How to Move to Canada: What You Need to Know Before Packing Your Bags
So you want to move to Canada, eh? Something tells me you’re not alone. It’s a topic that seems to garner plenty of attention every four years or so. But cultural and political climates aside, who wouldn’t want to move to Canada? It’s a beautiful country with a diverse society, clean cities, and wide-open spaces. Oh, and there’s universal healthcare too. That’s a big draw. But while moving to Canada is easier said than done, there are several paths you can take to the Great White North. Before exploring further, however, let’s brush up on your knowledge of this land I call home.
Some Quick and Interesting Facts about Canada
- Canada is the second-largest country by land area in the world. Only Russia is larger.
- Toronto is Canada’s largest city, boasting the 7th largest metropolitan area population in North America, behind Houston.
- 90% of Canadians live within 100 miles of the U.S. border. (we don’t like the cold either).
- The winters are cold everywhere in Canada except the west coast of British Columbia. Temperatures frequently drop below -30 degrees Celsius (-22 °F) in January and February.
- We love Tim Hortons. The restaurant is more than just a coffee shop; it’s a Canadian symbol, with more than 3800 locations sprinkled across this country of 37 million people.
- While ice hockey is an institution in Canada, it’s not our national sport. That title belongs to the sport of lacrosse.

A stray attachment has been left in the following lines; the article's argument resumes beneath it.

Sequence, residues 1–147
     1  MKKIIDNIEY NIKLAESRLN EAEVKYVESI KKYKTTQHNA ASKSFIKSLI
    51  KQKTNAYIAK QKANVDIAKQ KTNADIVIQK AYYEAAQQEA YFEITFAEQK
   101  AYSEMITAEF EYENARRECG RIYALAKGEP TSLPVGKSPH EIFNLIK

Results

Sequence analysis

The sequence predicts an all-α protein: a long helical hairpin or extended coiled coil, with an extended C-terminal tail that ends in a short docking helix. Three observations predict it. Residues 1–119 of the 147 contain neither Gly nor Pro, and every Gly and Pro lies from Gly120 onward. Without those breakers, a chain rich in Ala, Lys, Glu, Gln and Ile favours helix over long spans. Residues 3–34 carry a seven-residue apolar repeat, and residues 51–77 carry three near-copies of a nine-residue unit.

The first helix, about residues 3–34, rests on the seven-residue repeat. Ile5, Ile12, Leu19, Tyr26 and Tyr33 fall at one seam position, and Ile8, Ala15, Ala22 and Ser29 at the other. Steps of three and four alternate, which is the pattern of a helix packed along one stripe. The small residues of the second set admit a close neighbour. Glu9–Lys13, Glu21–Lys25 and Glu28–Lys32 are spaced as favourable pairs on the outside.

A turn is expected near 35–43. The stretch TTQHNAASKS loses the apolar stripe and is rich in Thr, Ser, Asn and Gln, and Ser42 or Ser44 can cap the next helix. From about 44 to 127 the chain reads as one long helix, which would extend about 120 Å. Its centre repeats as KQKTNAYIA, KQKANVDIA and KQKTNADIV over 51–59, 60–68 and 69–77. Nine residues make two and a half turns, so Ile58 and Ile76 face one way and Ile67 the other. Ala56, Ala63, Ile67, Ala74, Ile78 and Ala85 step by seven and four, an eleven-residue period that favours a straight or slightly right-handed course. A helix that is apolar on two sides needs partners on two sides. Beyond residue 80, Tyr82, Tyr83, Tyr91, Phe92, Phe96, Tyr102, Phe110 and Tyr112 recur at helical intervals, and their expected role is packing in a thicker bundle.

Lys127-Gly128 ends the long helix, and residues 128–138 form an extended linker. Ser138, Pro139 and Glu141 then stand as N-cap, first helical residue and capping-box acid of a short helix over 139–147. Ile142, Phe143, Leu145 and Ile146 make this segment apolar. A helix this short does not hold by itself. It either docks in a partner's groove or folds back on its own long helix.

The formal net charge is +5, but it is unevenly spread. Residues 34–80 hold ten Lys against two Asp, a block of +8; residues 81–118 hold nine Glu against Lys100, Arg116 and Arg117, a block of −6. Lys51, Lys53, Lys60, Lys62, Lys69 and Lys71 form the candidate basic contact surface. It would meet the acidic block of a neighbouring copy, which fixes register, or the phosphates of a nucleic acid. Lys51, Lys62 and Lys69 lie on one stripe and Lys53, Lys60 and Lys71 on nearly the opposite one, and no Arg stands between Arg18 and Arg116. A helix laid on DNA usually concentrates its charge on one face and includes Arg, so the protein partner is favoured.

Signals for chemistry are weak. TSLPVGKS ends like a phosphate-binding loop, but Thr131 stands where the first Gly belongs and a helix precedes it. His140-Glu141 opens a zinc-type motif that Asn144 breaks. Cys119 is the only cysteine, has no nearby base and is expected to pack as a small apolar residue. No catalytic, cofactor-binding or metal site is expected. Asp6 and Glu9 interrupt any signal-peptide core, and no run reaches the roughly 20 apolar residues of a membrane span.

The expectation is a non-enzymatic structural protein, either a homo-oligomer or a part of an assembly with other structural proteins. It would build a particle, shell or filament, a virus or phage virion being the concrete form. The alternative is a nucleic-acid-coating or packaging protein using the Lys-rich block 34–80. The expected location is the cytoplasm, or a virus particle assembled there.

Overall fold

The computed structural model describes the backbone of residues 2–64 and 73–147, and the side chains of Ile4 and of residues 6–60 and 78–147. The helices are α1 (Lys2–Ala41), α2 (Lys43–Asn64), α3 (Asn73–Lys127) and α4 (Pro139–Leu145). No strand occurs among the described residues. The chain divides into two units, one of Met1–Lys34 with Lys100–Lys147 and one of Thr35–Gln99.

- Yes, our one-dollar coin is called a “loonie”. Our 2-dollar coin? You guessed it, “Toonie”. Also, we no longer have pennies. We got rid of those a few years ago.
- Canada is home to 20% of the world’s lakes.
- We don’t have states; we have provinces. Ten in total, not to mention three territories in the northern part of the country.
- We’re very proud of our Canadian exports. Did you know that Jim Carrey is Canadian? So are Alex Trebek, Michael J. Fox, and Celine Dion.
The easiest way to come to Canada is as a skilled worker through the Express Entry program, which comprises three different economic-based immigration programs: the Federal Skilled Worker Program, the Federal Skilled Trades Program, and the Canadian Experience Class.
You must meet the requirements of one of these programs to be able to qualify for Express Entry. For example, to apply as a Federal Skilled Worker, you need to meet a minimum standard, including work experience, language ability, and education.
You’ll be invited to apply if you do. But don’t pack your bags just yet. Canada Immigration scores applicants using a 100-point grid system. To pass, you need to compile 67 points from the following categories: age (the younger, the better), education, work experience, job prospects, language skills (English and French), and your adaptability (the chances that your move to the Great White North is likely to be permanent).
To find out if you qualify to come to Canada as a skilled worker, you can fill out this Express Entry online form.
By the way, if you make it through under the Express Entry, don’t plan on moving to Quebec. They have their own immigration program for skilled workers. Thankfully, you have nine other provinces and three territories to choose from.